Shakespeare’s Verona: the itinerary on the trail of Romeo and Juliet
“There is no world without Verona walls,
But purgatory, torture, hell itself.
Hence banished is banish’d from the world,
And world’s exile is death.”
Does this sound familiar to you? These are the words that Romeo pronounces when he is exiled from Verona. The quote can be found on the plaque above the door that leads from Piazza Brà to Corso Porta Nuova, right next to the bust of William Shakespeare.
Romeo and Juliet is definitely one of the most famous dramaturgical compositions and it encloses many concepts and models that have been, and still are, of great inspiration for all kinds of works, not only theatrical and literary.
The setting of this masterpiece is our wonderful Verona. That’s why we would like to walk you through the itinerary that retraces the milestones and most iconic places of one of the most famous love stories of all times.
No doubt this is one of Verona’s most visited attractions. Start from via Cappello. Then walk through a short porch, marked by the ancient crest of the Guelph Capulet family. It will lead you to the courtyard, overlooked by the famous balcony, which we mentioned also in The 10 most instagrammable places in Verona. Here you will also recognize the bronze statue of Juliet, whose breast we suggest touching as it’s said to bring good luck!
Inside the house you will find a small museum that preserves ancient pieces of furniture, clothes and depictions of the couple. Moreover, under the porch at the entrance you will notice a wall covered with cards, written by visitors from all over the world to swear eternal love to each other.
The legendary house of the Montagues is located in Via delle Arche Scaligere. Unfortunately, it cannot be visited, as it is a private house, but you can still appreciate its grandeur from the outside: similar to a castle, the house is enriched by typical Ghibelline battlements and the remains of a tower.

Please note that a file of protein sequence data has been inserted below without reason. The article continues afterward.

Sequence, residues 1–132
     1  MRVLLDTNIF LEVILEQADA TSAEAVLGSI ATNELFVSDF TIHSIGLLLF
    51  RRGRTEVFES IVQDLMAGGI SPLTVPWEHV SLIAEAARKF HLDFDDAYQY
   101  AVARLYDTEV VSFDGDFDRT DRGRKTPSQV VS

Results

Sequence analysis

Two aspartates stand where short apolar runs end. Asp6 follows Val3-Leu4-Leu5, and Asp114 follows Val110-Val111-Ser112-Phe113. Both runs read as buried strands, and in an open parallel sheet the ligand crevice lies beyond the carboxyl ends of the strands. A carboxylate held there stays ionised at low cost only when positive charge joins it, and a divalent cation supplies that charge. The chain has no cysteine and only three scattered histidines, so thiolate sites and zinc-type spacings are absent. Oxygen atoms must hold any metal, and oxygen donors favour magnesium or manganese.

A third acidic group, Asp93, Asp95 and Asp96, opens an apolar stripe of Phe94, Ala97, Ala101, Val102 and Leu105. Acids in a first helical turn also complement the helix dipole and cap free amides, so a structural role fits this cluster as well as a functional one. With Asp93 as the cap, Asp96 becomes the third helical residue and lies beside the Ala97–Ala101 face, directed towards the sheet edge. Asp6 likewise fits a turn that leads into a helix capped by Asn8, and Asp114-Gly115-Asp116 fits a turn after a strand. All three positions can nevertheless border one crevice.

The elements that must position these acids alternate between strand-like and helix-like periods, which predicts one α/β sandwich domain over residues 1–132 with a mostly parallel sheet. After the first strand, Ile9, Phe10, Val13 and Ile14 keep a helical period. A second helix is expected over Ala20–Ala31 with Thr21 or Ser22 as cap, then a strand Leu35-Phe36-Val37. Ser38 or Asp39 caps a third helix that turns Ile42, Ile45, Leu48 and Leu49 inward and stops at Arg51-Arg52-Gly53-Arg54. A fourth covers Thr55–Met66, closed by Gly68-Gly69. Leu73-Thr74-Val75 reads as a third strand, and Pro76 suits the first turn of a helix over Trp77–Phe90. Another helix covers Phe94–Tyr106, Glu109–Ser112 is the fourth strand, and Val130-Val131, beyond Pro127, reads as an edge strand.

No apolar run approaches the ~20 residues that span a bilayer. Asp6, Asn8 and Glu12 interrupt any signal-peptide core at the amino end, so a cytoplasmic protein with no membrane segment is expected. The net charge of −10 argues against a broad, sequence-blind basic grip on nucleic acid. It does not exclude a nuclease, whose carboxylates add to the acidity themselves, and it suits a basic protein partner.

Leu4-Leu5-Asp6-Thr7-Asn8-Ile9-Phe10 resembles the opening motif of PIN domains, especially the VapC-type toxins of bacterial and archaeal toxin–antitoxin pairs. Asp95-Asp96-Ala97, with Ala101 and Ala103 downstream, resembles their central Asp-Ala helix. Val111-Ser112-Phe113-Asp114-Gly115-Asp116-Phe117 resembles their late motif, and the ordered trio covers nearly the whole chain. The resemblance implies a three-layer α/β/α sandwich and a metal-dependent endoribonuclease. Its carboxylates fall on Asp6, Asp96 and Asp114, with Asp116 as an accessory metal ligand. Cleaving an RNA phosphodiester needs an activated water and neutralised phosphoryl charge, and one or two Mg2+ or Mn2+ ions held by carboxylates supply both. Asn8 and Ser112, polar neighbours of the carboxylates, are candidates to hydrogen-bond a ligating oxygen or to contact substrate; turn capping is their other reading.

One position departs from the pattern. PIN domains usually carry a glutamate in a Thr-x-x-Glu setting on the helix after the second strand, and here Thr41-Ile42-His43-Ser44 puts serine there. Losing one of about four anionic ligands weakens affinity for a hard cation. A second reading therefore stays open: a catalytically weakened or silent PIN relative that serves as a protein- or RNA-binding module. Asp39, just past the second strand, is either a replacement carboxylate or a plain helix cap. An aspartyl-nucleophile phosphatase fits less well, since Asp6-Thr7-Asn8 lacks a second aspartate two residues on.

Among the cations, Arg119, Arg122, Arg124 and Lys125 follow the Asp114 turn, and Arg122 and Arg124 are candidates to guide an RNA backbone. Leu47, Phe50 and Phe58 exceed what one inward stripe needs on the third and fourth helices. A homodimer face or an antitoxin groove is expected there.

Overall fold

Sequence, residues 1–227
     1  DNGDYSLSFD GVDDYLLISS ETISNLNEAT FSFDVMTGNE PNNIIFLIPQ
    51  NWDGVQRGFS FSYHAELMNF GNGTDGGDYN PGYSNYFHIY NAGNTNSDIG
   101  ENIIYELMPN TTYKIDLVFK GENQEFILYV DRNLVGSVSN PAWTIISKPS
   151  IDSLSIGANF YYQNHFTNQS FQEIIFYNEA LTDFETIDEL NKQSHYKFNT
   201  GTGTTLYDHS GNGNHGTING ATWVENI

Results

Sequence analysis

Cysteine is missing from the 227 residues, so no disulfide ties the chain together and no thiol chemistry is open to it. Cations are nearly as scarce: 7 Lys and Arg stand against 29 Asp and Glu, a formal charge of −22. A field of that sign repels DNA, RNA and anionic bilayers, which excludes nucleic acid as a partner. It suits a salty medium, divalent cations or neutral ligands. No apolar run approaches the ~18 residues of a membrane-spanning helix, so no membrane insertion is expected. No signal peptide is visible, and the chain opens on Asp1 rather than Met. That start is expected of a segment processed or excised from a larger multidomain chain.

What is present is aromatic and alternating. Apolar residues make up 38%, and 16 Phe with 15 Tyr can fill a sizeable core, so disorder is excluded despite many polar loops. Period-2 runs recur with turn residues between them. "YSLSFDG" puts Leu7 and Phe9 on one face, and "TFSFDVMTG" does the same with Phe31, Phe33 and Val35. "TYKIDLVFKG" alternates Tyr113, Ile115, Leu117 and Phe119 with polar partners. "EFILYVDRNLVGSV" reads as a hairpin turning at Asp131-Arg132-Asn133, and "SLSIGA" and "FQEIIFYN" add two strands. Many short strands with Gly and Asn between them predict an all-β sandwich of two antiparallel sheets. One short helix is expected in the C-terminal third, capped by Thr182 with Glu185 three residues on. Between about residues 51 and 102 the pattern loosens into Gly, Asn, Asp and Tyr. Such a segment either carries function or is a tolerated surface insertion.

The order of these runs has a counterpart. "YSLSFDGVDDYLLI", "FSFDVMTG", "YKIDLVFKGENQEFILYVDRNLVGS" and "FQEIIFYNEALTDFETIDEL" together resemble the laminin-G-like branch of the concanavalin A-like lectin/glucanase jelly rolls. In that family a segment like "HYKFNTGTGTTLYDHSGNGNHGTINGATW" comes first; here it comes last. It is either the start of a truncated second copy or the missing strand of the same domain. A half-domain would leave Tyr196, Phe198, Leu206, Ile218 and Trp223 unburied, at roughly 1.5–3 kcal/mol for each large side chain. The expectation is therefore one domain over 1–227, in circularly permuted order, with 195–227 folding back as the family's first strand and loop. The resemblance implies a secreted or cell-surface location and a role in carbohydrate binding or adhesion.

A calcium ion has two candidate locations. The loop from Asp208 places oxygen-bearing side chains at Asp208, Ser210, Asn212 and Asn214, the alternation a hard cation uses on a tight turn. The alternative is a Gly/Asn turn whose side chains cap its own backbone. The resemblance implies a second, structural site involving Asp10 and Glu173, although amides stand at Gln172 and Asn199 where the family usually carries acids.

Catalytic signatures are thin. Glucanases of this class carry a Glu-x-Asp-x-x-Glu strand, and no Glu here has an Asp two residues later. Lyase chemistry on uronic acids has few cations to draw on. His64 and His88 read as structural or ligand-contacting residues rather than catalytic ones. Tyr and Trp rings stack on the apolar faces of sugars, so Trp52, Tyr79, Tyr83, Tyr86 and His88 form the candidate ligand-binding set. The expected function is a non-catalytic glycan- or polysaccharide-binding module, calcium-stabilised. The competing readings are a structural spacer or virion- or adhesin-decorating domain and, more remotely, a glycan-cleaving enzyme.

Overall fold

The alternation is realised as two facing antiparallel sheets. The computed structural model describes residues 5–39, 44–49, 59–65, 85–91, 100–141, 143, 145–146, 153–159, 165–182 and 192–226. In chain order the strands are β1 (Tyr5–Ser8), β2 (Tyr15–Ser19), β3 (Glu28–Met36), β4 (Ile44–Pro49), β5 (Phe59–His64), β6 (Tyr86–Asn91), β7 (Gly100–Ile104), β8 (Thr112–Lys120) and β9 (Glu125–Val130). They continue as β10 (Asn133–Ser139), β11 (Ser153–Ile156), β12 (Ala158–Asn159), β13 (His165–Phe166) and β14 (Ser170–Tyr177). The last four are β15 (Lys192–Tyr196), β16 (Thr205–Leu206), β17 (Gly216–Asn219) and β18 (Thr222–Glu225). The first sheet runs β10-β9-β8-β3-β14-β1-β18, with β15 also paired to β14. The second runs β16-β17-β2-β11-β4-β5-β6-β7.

You will also notice how close the houses of the two rival families are and, on the facade, you will find an inscription in memory of Romeo and Juliet’s love story:
“Oh, where is Romeo?
Tut! I have lost myself; I am not here, this is not Romeo, he’s some other where.”
The Town Hall and the Arche Scaligere
In Piazza dei Signori you’ll find the Town Hall, where – according to the legend – Romeo was banished from the city and sentenced to his exile in Mantua, at Bartolomeo della Scala’s behest.
Just a few steps away from the Town Hall, you’ll find the Arche Scaligere, a funerary complex in Gothic style also known for being the tragic theater of Juliet’s staged death. A fiction that, shortly after, cost the lives of both young lovers.
The Volto Barbaro
Let’s move to Piazza delle Erbe to reach the next stop of our itinerary dedicated to Romeo and Juliet. On the north side of the square, more precisely at the back of the Mazzanti Houses, you will find another key-place of the tragedy: the Volto Barbaro.
The name barbaro (lit. “barbarian”) originates from the frequent and bloody clashes between the Montagues and the Capulets that used to take place in this narrow and dark passage. It is indeed right here that Tybalt, Juliet’s cousin, killed Mercutio, Romeo’s best friend. You will find a plaque in memory of the event.
Our itinerary could not end but with a visit to Juliet’s tomb (allegedly), that is located just outside the city walls, in a crypt of the monastery of San Francesco al Corso.
We will never know to what extent the story of Romeo and Juliet sticks to reality. Nevertheless, for the time this itinerary takes, we invite you to forget about the line that separates legend and history, to enjoy Verona through the eyes and words – but above all the heart – of one of Shakespeare’s most famous literary masterpieces.